The Community Connection
‘Healing on High Street’ to highlight Pottstown’s stories
POTTSTOWN » Since human beings first developed language, we have communicated through stories.
Whether it was around a fire, on a stage under the glare of the limelight, or on our most recent Netflix binge, stories help us understand who we are and what we’ve been through.
And this past year, the nation, and Pottstown have been through a lot.
Now, as it eyes a safe reopening sometime in the future, Pottstown’s own Steel River Playhouse wants to tell the stories of what Pottstown has been through, with a particular focus on the twin crises of the past year — COVID-19 and race and the Black Lives Matter movement.
The project is called “Healing on High Street” and it’s supported by a grant from the Pottstown Area Health and Wellness Foundation.
The idea, said Artistic Director Leena Devlin, is to train a few people to interview others and elicit the stories of the people of Pottstown and “amplify voices that often remain unheard.”
This project will bring together a team with an interest in transformational storytelling, social justice and diversity, according to a press release issued by the theater and school.
And it will bring in a professional storyteller — Brie Knight, an award-winning Philadelphiabased playwright.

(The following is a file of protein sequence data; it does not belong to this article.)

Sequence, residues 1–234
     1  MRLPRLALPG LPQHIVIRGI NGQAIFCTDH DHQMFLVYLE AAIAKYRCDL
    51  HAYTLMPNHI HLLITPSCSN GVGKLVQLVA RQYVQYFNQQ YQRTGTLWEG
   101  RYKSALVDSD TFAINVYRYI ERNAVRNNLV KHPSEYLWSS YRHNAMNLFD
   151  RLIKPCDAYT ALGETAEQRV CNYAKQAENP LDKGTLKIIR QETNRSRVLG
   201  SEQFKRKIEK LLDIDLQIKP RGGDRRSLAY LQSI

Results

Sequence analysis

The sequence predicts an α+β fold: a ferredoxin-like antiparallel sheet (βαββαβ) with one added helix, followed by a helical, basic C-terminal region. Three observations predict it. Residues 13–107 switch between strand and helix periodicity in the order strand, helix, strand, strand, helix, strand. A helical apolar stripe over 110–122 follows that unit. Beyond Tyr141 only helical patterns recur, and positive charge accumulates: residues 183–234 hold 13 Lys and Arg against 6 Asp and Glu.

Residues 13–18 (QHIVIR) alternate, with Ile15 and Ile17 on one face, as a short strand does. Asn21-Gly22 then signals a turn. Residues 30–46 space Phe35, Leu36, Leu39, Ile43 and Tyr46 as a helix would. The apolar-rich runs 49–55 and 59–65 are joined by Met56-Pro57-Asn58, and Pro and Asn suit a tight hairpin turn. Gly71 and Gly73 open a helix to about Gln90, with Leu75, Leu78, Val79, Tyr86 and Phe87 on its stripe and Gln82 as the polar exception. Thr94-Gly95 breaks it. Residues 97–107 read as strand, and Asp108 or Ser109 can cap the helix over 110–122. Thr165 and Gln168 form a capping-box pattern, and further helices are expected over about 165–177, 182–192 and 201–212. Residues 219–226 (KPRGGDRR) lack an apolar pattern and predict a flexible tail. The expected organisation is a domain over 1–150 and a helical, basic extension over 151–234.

Her works have been featured at InterAct Theatre, Eagle Theatre, PlayPenn, The Philadelphia Women’s Theatre Festival, and more around the country. She is a graduate of the Philadelphia Playwright’s Incubator — The Foundry.
Knight’s play “Pancake Queen,” has won numerous awards, including the Lorraine Hansberry Theatre’s Inaugural Playwriting Competition.
“This is a project that has great potential for us to connect through conversation, to heal, to learn, and grow as a community and as humans. But above all, as the playwright, what I am most eager to shine a light on and uplift are the people of Pottstown,” Knight said in a press release.
“I am excited to explore the heart and soul of this city and learn from its people, and to use theatre as a tool for community engagement and dialogue. This is a play for the people of Pottstown by the people of Pottstown,” she said.
Several community organizations will participate including, but not limited to the Pottstown School District, Montgomery County Community College, PAID and The
This “storytelling initiative will be a unique way to highlight unknown community voices and personal stories from Pottstown residents,” said David Charles, co-founder and executive director of the STRIVE Initiative. “We are excited to assist our community partner in this endeavor.”
In the coming months participants will be training and planning the community outreach. Community interviews will be conducted over the summer and fall months, followed by auditions and performance preparation.
“Ultimately, I see a play, either a single story or multiple stories,” said Dev- lin. “But we’ll have to see how it unfolds, and let the stories drive the process.”